Spain has just experienced a number of its coldest ever days recorded in history.
On Thursday (7 Jan), a record breaking temperature of -35.8C was registered at the Vega de Liordes weather station, situated at an altitude of 1,874 metres in the northwestern province of Leon.
The temperature was confirmed by AEMET weather agency, and just narrowly beat out the record breaking temperature recorded the day before in the eastern Pyrenees.
Record breaking temperatures
On Wednesday (6 Jan), a meteorological station in the Catalan Pyrenees recorded a temperature of -34.1C.
The last time that Spain broke its record for cold weather was on 2 February 1956, when temperatures in the same region dipped to -32C.
Writing on Twitter, meteorologist Sergi Gonzales said: “The cold air from the sides of mountains was pulled down by gravity and accumulated in lower levels.”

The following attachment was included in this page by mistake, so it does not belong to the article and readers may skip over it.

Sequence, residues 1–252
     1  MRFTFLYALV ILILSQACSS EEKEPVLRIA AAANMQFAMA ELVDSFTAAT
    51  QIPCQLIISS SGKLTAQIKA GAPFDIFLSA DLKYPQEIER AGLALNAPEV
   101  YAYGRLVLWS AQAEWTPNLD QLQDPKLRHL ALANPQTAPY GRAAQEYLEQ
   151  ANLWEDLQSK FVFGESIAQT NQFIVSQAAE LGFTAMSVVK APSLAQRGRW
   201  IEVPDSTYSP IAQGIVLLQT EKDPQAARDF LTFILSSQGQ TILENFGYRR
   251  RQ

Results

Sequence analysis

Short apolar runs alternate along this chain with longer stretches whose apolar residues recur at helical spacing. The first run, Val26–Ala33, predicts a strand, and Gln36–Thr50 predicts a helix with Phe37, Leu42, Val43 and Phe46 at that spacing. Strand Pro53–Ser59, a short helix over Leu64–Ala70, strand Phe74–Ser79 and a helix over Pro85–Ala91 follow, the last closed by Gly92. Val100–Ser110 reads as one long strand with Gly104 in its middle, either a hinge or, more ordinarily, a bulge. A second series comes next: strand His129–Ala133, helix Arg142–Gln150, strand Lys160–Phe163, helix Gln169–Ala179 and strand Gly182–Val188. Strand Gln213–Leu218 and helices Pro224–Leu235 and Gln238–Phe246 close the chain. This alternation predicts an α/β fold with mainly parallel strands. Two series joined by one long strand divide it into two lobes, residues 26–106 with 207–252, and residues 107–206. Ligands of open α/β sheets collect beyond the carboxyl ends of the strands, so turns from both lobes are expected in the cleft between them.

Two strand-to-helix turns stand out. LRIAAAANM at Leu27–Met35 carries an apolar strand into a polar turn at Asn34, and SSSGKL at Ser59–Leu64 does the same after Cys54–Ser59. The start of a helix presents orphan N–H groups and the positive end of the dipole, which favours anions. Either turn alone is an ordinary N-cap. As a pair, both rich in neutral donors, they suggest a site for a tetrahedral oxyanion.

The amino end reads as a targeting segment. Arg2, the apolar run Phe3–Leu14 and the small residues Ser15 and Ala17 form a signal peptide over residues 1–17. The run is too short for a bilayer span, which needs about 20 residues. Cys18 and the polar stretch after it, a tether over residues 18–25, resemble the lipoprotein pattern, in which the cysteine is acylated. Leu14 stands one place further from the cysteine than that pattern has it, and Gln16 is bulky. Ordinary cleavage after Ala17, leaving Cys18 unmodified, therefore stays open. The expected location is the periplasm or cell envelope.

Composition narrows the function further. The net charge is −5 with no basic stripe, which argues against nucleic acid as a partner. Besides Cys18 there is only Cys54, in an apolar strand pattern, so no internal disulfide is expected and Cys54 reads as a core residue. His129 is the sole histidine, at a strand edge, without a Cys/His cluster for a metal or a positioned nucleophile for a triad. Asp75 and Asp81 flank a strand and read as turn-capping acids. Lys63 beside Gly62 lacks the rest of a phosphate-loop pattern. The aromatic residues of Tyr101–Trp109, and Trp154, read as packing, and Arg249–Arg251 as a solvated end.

Heavy snow expected in Spain
Currently, Spain is experiencing Storm Filomena, which could bring heavy snowfalls to the region.
Even altitudes of just 200 metres “in large areas of the interior of the peninsula” could expect snow, AEMET said on Thursday.
Spain's meteorological agency has issued warning for snow storms, heavy rainfall, more freezing temperatures and strong winds.
The storm has already wreaked havoc in the Canary Islands, bringing more than 50 litres of rain per square meter in some areas.
With temperatures in Spain reaching new lows, many on social media were confused as to how this is possible considering the current situation regarding global warming.
Catalan Meterological Association Projecte 4 Estaciones took to Twitter to clear up the confusion.
It wrote: “The term ‘climate’ refers to the behaviour of the atmosphere over a long period of time. The values registered during one day or a short period of time are not representative of the annual trends, which are clearly increasing.”
According to the Catalan Meteorological Services, Barcelona experienced its hottest year in 2020 since records began in 1780.